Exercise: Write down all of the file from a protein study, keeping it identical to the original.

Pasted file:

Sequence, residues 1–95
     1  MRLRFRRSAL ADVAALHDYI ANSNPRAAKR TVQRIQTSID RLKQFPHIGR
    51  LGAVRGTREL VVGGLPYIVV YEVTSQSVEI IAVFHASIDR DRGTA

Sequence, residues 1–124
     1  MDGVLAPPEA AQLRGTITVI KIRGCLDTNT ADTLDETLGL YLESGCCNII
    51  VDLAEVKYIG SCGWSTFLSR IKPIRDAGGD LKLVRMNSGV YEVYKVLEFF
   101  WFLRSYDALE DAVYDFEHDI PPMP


Sequence, residues 1–95
     1  MRLRFRRSAL ADVAALHDYI ANSNPRAAKR TVQRIQTSID RLKQFPHIGR
    51  LGAVRGTREL VVGGLPYIVV YEVTSQSVEI IAVFHASIDR DRGTA

Sequence, residues 1–124
     1  MDGVLAPPEA AQLRGTITVI KIRGCLDTNT ADTLDETLGL YLESGCCNII
    51  VDLAEVKYIG SCGWSTFLSR IKPIRDAGGD LKLVRMNSGV YEVYKVLEFF
   101  WFLRSYDALE DAVYDFEHDI PPMP